Debating Proposition 1: Funding Transit in Seattle’s King County

“Vote no on Proposition 1, and send King County government a message that Metro has more work to do on righting its cost structure before asking voters for more revenue,” says an editorial from the Seattle Times.
April 9, 2014, 11am PDT | James Brasuell | @CasualBrasuell
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A recent editorial from the Seattle Times attacks Proposition 1, a revenue generating initiative on the King County ballot that would ask the public for a $40 increase in car tabs and a 0.1 percent sales tax.

The Times editorial cites Metro’s repeated requests for revenue from the public: “The pattern is clear. As in previous rounds of asking taxpayers for more money, Metro sees its shortfall as a revenue problem, rather than thoroughly confronting its well-documented unsustainably high operating costs.”

According to the Times, here is the jist of the choice confronting voters:

  • “If voters approve Proposition 1, King County would have no incentive to do the hard work of bringing down labor costs that still saddle Metro with the fifth-highest driver costs in the country, behind only Boston, Santa Cruz, Washington, D.C., and Chicago.”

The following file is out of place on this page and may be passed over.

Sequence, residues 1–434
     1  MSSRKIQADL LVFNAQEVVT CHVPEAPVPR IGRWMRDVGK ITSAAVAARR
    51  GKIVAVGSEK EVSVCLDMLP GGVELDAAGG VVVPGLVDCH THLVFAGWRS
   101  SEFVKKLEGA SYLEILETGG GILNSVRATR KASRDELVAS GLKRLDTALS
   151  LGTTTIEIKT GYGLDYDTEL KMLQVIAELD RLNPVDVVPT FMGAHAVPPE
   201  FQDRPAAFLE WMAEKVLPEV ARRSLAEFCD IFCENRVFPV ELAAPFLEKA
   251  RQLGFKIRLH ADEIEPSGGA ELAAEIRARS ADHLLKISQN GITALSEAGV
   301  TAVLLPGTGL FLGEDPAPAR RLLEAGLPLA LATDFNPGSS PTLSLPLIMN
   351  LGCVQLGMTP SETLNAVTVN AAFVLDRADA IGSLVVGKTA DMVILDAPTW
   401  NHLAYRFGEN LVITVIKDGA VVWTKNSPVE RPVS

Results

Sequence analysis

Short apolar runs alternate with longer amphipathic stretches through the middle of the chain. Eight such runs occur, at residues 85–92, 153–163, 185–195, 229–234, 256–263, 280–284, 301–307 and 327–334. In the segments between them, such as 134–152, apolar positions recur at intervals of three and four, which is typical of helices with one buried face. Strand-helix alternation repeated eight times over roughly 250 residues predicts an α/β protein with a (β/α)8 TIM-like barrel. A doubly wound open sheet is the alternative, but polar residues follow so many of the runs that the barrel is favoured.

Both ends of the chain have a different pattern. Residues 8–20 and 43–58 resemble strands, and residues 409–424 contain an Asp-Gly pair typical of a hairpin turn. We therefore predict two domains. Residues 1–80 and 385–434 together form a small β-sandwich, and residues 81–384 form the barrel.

• Or: “If voters turn down Proposition 1, King County threatens a round of devastating bus-service cuts, many on popular routes including those carrying students to college.”

In a strong response to the editorial on the Seattle Transit Blog, Martin H. Duke calls the argument of the Times editorial “generic union-bashing and right wing talking points about trimming fat.”

Duke details some of the unattractive options implied by the Times’ argument, but instead lists a number of proposals detailed in the past by Seattle Transit Blog to increase the efficiency of the region’s transportation infrastructure. 

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Published on Saturday, April 5, 2014 in Seattle Times
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